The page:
Strange large English clock movement

spxer

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Jun 20, 2016
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I did it again. I bought an unknown (to me) clock movement online. The pictures were fuzzy, but I knew I had never seen anything like it before. So curiosity got my cat. It is big and of English style. With one hand on a tiny dial that tells only the minutes. Weight driven and a deadbeat escapement with maintaining power. Very good stuff that. I was puzzled at first, but I think I have figured out what it is.
DSCF0005.JPG More pictures to come. I will see if anyone comes to the same conclusion as I.
 

spxer

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Jun 20, 2016
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The wheel count is minute wheel 64, next wheel 8-60, escape wheel 8-30. According to the beat calculator that is a seconds beat. DSCF0004.JPG
 

novicetimekeeper

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Jul 26, 2015
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The dial is 0-60 with a very wide hand the resolution does not seem like it needs the additional accuracy of deadbeat and maintaining power.
 

spxer

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Jun 20, 2016
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The dial is 0-60 with a very wide hand the resolution does not seem like it needs the additional accuracy of deadbeat and maintaining power.
You are on the right track about the dial not making sense with the movement.
 

spxer

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Jun 20, 2016
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Yes. Look at these pictures again. Notice the shaft connected to the "motion work" going through both frame plates.
DSCF0008.JPG DSCF0007.JPG
 

spxer

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Well, my guess is that the shaft extending to the back of the movement is to drive the motion work of a remote dial. Then the small dial could be used to set the time.

Uhralt
That is exactly what I think it is. A public clock of some sort mounted in a wall. The small dial side is on the inside of the wall for the clock-keeper to correct the time and attend the movement. The jackshaft turning counterclockwise from the movement side turns clockwise from the opposing side.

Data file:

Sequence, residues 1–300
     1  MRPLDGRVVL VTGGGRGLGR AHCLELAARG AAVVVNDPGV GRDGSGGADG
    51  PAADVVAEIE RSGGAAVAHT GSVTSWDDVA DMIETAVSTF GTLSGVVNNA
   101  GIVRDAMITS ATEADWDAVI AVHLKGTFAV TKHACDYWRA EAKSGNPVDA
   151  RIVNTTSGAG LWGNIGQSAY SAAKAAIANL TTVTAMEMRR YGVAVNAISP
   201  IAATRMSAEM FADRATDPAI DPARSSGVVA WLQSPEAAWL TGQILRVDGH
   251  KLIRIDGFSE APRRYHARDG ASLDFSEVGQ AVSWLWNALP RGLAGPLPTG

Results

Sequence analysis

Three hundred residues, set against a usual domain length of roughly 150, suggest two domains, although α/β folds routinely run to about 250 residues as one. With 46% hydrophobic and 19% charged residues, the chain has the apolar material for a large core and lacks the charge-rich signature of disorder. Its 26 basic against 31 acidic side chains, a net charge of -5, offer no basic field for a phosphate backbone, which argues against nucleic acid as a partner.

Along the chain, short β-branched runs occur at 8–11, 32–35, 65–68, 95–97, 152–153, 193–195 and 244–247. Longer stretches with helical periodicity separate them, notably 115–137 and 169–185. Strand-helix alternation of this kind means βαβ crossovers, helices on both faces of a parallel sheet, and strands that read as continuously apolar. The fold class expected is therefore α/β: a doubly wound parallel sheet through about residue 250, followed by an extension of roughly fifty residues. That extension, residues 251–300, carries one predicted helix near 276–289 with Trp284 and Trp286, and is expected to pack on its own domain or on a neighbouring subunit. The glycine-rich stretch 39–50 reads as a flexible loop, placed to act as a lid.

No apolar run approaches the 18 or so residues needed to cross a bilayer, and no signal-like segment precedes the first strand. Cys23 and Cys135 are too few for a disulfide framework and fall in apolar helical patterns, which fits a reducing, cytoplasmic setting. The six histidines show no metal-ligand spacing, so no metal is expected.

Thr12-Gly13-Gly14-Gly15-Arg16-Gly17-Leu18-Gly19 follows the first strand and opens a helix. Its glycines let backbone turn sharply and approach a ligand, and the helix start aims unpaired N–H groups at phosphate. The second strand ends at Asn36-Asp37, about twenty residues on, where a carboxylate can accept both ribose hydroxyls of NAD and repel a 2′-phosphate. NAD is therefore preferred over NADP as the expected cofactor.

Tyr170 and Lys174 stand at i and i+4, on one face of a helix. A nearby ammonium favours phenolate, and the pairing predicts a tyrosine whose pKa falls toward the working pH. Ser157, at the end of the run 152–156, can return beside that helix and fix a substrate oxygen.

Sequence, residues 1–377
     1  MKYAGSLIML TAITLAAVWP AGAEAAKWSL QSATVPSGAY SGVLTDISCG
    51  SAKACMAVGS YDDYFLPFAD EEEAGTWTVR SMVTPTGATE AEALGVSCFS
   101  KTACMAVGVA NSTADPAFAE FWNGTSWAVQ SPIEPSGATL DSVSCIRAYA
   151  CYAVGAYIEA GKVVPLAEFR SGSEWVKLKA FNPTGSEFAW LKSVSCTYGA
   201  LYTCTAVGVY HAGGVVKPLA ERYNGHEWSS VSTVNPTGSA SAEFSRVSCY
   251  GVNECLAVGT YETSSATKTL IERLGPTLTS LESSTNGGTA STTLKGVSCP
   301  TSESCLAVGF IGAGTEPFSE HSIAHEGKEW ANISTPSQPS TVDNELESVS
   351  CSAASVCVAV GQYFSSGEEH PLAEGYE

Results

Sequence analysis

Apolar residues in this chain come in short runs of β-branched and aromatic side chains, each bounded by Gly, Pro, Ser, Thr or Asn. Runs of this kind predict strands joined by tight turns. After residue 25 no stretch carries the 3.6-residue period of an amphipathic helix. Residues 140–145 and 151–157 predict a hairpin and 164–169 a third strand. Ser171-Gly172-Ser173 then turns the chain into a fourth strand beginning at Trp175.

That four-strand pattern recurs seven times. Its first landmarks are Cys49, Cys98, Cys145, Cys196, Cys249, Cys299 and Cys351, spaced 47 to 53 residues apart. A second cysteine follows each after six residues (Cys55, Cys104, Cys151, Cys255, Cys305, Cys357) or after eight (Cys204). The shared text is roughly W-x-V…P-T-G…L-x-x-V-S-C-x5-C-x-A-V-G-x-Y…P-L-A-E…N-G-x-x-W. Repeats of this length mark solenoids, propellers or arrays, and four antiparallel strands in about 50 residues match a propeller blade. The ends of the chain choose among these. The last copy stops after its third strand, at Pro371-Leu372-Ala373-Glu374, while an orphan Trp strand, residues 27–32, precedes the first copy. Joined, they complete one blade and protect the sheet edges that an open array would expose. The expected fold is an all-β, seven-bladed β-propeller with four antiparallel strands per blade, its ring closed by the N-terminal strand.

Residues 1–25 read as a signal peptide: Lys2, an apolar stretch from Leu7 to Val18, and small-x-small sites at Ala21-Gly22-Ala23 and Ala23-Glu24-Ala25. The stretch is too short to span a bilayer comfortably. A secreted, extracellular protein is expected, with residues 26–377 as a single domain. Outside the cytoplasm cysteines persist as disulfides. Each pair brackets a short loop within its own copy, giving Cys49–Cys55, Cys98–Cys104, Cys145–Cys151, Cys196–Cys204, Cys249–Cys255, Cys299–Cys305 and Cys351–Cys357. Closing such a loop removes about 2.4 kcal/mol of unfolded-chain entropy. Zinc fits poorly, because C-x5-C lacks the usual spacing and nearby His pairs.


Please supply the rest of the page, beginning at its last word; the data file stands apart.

jmclaugh

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Jun 1, 2006
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That is exactly what I think it is. A public clock of some sort mounted in a wall. The small dial side is on the inside of the wall for the clock-keeper to correct the time and attend the movement. The jackshaft turning counterclockwise from the movement side turns clockwise from the opposing side.
One type of clock that works like that is what is referred to in the UK as a gallery clock which is set high up in a structure so not practical to do anything through the dial. Another is a turret clock in churches and public buildings, both afaik however have a twelve hour dial to adjust the time, I've not come across a movement in such places as this one.
 

spxer

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Jun 20, 2016
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Some info about the condition of the movement. It looks like it has run for 100 years nonstop without any service! The pivots are severely worn, as are the holes. The pinions show wear as well as rust pits. A bit of a shame for such a special clock. At any rate, it has been entertaining for me and I tried to make it intriguing for the members.
 

Uhralt

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Sep 4, 2008
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Interesting movement! It's a pity that you don't have the dial with the motion works.

Thanks for sharing!

Uhralt
 

spxer

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Jun 20, 2016
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It would be interesting to know what building it came from. Maybe a bombed out building in London in WW2 that someone rescued from the ruble.
 

spxer

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Jun 20, 2016
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I inquired with the previous owner what he knew of the movements history. Here is his response.

"I'm 75 years old. I bought my first jewelry store (1970-78) in Italy. The previous owner was the victim of a robbery and sold it to me with contents. This clock was among the contents. When I returned to USA in 1980 I shipped it back. I think it was working but perhaps not, but it has sat on a shelf for the last 40 years because it was cute. Now I have too many projects so I am getting rid of stuff before I drop dead and someone else has the job. That's about it. I hope you can fix it. Good luck"

From England (presumably) to Italy to California and now to Kentucky.
"What a long strange trip its been."
 

Jessk09

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Feb 27, 2020
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I haven’t seen anything like it. Looks like a regulator movement .also the picture is a Victorian gothic long case clock

image.jpg
 
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